The closely watched survey by the energy giant found that primary demand rose at the fastest pace this decade in 2018, despite slowing economic growth.
Carbon emissions climbed by 2 per cent last year, faster than any year since 2011, because the demand for energy easily outstripped the rollout of renewable sources.
China, India and the US were responsible for two-thirds of the 2.9-per-cent increase in consumption, the report said.
BP said the increase was roughly equivalent to the carbon emissions associated with increasing the number of passenger cars – 400 million – on the planet by a third. The company had expected a 2-per-cent increase.
As one of the world’s largest oil and gas companies, BP produces almost 4 million barrels of heavily polluting oil per day and reported profits for 2018 of US$10 billion.
Spencer Dale, BP’s chief economist, reported: “This would raise the possibility of a worrying vicious cycle: increasing levels of carbon leading to more extreme weather patterns, which in turn trigger stronger growth in energy and carbon emissions as households and businesses seek to offset their effects.”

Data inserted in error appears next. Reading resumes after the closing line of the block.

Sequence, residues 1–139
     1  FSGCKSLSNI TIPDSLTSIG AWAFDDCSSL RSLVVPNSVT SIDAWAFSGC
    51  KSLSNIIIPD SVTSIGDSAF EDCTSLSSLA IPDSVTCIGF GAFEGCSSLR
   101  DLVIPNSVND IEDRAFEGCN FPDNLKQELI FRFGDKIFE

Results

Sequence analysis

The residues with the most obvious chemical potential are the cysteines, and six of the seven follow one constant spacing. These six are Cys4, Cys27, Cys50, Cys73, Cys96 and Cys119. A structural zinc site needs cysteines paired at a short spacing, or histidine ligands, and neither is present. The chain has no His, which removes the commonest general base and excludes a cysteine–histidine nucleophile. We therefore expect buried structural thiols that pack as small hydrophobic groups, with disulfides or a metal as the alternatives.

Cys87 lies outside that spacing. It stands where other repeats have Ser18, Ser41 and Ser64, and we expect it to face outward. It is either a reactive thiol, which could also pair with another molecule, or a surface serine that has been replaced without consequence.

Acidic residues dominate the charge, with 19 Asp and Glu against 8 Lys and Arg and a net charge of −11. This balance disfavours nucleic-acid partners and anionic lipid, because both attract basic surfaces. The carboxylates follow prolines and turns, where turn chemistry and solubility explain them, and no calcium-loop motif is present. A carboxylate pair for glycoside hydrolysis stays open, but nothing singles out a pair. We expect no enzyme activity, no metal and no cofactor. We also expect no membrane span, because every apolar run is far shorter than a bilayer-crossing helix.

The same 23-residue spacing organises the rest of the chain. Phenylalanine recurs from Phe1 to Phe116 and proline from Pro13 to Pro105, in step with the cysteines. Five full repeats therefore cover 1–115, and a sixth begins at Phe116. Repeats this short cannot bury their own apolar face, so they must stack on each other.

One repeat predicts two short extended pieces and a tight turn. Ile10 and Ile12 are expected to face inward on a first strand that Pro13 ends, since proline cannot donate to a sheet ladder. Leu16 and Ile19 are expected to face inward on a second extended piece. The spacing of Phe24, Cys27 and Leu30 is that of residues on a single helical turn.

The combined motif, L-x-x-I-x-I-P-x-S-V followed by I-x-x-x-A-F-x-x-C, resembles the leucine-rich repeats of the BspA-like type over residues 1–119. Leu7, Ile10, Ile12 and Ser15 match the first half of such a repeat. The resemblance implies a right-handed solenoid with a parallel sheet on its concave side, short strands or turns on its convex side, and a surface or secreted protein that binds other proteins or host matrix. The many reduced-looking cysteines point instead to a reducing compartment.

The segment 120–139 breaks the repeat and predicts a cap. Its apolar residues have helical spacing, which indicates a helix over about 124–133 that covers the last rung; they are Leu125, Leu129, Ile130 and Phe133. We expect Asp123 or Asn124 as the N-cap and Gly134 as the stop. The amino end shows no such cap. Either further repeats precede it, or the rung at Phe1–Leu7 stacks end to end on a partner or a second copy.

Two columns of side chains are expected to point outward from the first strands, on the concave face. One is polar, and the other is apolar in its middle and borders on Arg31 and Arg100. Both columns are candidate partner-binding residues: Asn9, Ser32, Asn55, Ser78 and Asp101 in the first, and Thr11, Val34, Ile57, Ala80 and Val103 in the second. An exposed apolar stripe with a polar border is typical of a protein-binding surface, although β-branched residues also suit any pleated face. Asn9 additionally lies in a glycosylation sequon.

The multinational firm partly blamed rising consumption on “an unusually large number” of hot and cold days last year amid greater “random variation” in weather patterns.
The pattern was most marked in the US, which recorded the highest number of hotter or colder than average days since the 1950s.
“On hot days people turn to their air conditioning and fans, on cold days they turn to their heaters. That has a big impact,” Dale added.
Even the consumption and production of the dirtiest fossil fuel, coal, is increasing at the fastest rate for five years. The increase comes despite 17 gigawatts of coal plants being retired.
BP claims it supports the 2015 Paris climate agreement to control greenhouse emissions.
Dale, who joined BP in 2014, said there was “a growing mismatch between hopes and reality” on climate change.
“As people protested, schoolchildren went on strike and shareholders passed resolutions, energy demand and carbon emissions grew at their fastest rate for years,” Dale said.
The report acknowledged that emissions might have been higher without the growth of renewable energy, which climbed by 14.5 per cent last year. The number of electric vehicles rose by 2 million to 5 million.
Indian consumption rose heavily last year. Picture credit: Energy Reporters